Austin-based speaker and strategist Holiday (Conspiracy: Peter Thiel, Hulk Hogan, Gawker, and the Anatomy of Intrigue, 2018, etc.) believes in downshifting one’s life and activities in order to fully grasp the wonder of stillness. He bolsters this theory with a wide array of perspectives—some based on ancient wisdom (one of the author’s specialties), others more modern—all with the intent to direct readers toward the essential importance of stillness and its “attainable path to enlightenment and excellence, greatness and happiness, performance as well as presence.” Readers will be encouraged by Holiday’s insistence that his methods are within anyone’s grasp. He acknowledges that this rare and coveted calm is already inside each of us, but it’s been worn down by the hustle of busy lives and distractions. Recognizing that this goal requires immense personal discipline, the author draws on the representational histories of John F. Kennedy, Buddha, Tiger Woods, Fred Rogers, Leonardo da Vinci, and many other creative thinkers and scholarly, scientific texts. These examples demonstrate how others have evolved past the noise of modern life and into the solitude of productive thought and cleansing tranquility. Holiday splits his accessible, empowering, and sporadically meandering narrative into a three-part “timeless trinity of mind, body, soul—the head, the heart, the human body.” He juxtaposes Stoic philosopher Seneca’s internal reflection and wisdom against Donald Trump’s egocentric existence, with much of his time spent “in his bathrobe, ranting about the news.” Holiday stresses that while contemporary life is filled with a dizzying variety of “competing priorities and beliefs,” the frenzy can be quelled and serenity maintained through a deliberative calming of the mind and body. The author shows how “stillness is what aims the arrow,” fostering focus, internal harmony, and the kind of holistic self-examination necessary for optimal contentment and mind-body centeredness. Throughout the narrative, he promotes that concept mindfully and convincingly.

A timely, vividly realized reminder to slow down and harness the restorative wonders of serenity.

Pub Date: Oct. 1, 2019

ISBN: 978-0-525-53858-5

Page Count: 288

Publisher: Portfolio

Review Posted Online: July 21, 2019

Kirkus Reviews Issue: Aug. 15, 2019

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Striking research showing the immense complexity of ordinary thought and revealing the identities of the gatekeepers in our...

THINKING, FAST AND SLOW

A psychologist and Nobel Prize winner summarizes and synthesizes the recent decades of research on intuition and systematic thinking.

The author of several scholarly texts, Kahneman (Emeritus Psychology and Public Affairs/Princeton Univ.) now offers general readers not just the findings of psychological research but also a better understanding of how research questions arise and how scholars systematically frame and answer them. He begins with the distinction between System 1 and System 2 mental operations, the former referring to quick, automatic thought, the latter to more effortful, overt thinking. We rely heavily, writes, on System 1, resorting to the higher-energy System 2 only when we need or want to. Kahneman continually refers to System 2 as “lazy”: We don’t want to think rigorously about something. The author then explores the nuances of our two-system minds, showing how they perform in various situations. Psychological experiments have repeatedly revealed that our intuitions are generally wrong, that our assessments are based on biases and that our System 1 hates doubt and despises ambiguity. Kahneman largely avoids jargon; when he does use some (“heuristics,” for example), he argues that such terms really ought to join our everyday vocabulary. He reviews many fundamental concepts in psychology and statistics (regression to the mean, the narrative fallacy, the optimistic bias), showing how they relate to his overall concerns about how we think and why we make the decisions that we do. Some of the later chapters (dealing with risk-taking and statistics and probabilities) are denser than others (some readers may resent such demands on System 2!), but the passages that deal with the economic and political implications of the research are gripping.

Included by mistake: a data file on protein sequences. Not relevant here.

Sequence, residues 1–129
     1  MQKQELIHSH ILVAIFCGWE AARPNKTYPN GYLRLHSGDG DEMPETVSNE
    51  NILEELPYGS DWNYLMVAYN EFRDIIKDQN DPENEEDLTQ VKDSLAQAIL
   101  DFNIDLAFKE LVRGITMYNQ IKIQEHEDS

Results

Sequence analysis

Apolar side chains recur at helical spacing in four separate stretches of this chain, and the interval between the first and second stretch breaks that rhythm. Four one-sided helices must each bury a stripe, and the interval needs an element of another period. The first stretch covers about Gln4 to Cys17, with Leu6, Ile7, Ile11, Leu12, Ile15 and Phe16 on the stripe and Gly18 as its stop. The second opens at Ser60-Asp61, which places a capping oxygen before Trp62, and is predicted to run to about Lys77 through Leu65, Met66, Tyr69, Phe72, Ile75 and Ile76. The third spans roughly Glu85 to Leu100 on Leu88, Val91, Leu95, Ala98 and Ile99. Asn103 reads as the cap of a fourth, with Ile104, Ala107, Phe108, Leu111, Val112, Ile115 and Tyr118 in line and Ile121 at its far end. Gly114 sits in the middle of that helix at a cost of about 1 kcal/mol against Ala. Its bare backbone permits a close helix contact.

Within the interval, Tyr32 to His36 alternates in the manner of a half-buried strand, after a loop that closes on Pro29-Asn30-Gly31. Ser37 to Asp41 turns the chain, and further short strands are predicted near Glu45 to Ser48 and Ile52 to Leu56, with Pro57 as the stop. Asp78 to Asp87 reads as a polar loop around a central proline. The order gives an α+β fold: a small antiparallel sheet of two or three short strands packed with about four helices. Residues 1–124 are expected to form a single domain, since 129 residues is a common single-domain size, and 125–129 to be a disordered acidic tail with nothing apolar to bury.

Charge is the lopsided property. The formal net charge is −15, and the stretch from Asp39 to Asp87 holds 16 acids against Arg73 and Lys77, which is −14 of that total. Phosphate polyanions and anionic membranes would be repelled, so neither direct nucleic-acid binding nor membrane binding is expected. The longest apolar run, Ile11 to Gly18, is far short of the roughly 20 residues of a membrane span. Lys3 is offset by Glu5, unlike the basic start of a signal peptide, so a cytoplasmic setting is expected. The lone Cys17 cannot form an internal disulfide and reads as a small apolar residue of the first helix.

Striking research showing the immense complexity of ordinary thought and revealing the identities of the gatekeepers in our minds.

Pub Date: Nov. 1, 2011

ISBN: 978-0-374-27563-1

Page Count: 512

Publisher: Farrar, Straus and Giroux

Review Posted Online: Sept. 4, 2011

Kirkus Reviews Issue: Sept. 15, 2011